The story of Chronically Brown

Hi, I am Sukhjeen Kaur, I’m 21 and I have a story to share.

My story started in August 2018. I started having pain in my right wrist and thought nothing of it. Put on a wrist splint as it progressed and carried on like nothing happened. September 2018 the pain moved to my hands, both of them losing mobility. So many tears and GP appointments, hearing “you’re too young for arthritis” constantly. I remember one GP appointment consisted of showing my curled and stiff hands to the GP, saying “My hands can’t move anymore” and crying. I finally got my referral to rheumatology after that. I was lucky to get an urgent referral and seen within 3 weeks. I was finally diagnosed with seronegative inflammatory arthritis, October 2018. 4 days before my 20th birthday.

chronically brown image for guest blog

All of this happened during my first year at university. I asked the university if I could go part-time, online, or defer the year. I was told by the ‘LOVELY’ lady that she had arthritis in her 3 fingers and is completely fine; she couldn’t understand why I wanted to pause my time at university. I was shocked. I was made to feel really small.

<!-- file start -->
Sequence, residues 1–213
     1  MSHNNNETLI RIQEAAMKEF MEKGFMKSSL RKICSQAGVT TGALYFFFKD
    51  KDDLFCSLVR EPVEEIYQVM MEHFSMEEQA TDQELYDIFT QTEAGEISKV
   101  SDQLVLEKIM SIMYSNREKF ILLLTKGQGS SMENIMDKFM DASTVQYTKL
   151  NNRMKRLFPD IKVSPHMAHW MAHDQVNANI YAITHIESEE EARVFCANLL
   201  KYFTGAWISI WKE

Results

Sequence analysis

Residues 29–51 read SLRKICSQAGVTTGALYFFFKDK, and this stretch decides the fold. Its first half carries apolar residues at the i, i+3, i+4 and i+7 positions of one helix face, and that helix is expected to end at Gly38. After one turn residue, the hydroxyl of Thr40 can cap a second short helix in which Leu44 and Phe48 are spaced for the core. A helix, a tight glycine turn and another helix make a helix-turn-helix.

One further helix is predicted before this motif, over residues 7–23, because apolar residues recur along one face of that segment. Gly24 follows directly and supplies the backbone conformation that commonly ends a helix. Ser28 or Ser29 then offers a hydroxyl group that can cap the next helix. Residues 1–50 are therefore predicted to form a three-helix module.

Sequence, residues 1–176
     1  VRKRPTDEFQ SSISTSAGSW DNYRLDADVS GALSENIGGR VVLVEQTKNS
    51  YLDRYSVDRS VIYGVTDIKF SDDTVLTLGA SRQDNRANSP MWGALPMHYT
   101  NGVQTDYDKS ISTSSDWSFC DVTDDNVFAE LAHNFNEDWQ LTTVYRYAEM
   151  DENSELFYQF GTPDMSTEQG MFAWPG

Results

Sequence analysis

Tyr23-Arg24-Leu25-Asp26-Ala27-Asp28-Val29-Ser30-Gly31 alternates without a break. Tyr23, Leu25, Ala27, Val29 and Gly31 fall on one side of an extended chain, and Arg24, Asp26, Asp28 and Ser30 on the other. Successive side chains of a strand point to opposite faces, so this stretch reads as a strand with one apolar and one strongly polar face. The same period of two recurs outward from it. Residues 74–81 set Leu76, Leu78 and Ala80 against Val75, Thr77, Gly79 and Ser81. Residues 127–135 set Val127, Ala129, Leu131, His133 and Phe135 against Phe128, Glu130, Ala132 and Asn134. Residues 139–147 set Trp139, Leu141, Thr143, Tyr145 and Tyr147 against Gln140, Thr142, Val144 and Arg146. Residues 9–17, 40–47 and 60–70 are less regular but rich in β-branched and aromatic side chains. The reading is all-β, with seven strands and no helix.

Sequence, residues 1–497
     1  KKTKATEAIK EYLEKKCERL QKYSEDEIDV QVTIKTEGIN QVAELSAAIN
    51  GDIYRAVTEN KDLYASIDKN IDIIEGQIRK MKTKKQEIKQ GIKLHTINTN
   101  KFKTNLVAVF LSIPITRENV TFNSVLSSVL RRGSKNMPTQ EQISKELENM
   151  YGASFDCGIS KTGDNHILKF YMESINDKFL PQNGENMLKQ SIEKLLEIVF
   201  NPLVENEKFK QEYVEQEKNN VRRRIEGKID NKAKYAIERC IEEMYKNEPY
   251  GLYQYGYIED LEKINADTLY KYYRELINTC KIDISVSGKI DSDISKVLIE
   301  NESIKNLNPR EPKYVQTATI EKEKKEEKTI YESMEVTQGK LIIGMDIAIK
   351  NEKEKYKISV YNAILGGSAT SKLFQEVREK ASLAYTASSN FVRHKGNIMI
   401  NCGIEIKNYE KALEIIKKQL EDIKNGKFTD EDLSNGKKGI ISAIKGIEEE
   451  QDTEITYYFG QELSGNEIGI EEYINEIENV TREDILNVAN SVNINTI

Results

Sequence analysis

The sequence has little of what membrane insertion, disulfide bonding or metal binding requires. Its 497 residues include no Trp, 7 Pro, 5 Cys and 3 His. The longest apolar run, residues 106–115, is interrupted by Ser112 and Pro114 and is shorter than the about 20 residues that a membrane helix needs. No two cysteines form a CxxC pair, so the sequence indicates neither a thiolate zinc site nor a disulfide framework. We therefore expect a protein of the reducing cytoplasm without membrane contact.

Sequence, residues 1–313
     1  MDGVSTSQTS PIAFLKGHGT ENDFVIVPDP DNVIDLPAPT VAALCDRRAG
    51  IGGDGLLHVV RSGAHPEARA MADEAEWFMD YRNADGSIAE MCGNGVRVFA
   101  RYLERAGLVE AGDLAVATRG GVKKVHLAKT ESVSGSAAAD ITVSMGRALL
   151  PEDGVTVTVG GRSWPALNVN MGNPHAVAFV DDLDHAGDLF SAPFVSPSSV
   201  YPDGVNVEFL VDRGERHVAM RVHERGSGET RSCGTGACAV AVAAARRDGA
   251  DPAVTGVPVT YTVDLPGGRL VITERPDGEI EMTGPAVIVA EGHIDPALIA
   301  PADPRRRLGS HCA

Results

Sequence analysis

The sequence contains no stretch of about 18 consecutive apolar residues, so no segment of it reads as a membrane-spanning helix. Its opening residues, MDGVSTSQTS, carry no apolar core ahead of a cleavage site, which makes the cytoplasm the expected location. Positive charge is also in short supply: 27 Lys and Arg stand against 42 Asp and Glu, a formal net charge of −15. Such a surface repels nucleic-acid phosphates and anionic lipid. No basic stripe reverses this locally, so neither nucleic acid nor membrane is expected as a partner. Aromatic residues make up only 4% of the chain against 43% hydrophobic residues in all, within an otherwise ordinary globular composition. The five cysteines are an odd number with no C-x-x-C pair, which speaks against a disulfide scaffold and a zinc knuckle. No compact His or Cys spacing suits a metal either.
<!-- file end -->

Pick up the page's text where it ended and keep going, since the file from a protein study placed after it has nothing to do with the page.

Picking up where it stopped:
Instead of deferring, I carried on with the year and lost the university experience and my social life. I was alone and constantly in pain, with no steroids or painkillers helping me. But this just gave me the motivation to start my Instagram page @chronicallybrown.

The page was initially created to share my experiences with arthritis and for me to meet others dealing with the same condition. However, as time went on I was getting more and more messages of people telling me how being part of the South Asian community with having an invisible disability meant they were facing constant stigmas.

Some of the ignorance was led by their families believing there was nothing wrong with them. This told me that disabilities in the South Asian community were treated the same way as mental health issues. Their attitude was “If I can’t see it, it isn’t a problem”.

I can’t fix this problem, but I want to help this problem. I am encouraging any South Asian with chronic illnesses and mental illnesses to speak up and share your story on my page. I have seen the positive impact sharing these stories have on others in the same situations. YOU can help.


If you would like to see or take part in any of the projects Sukhjeen does as a chronic illness advocate then be sure to give her a follow on Instagram at @chronicallybrown

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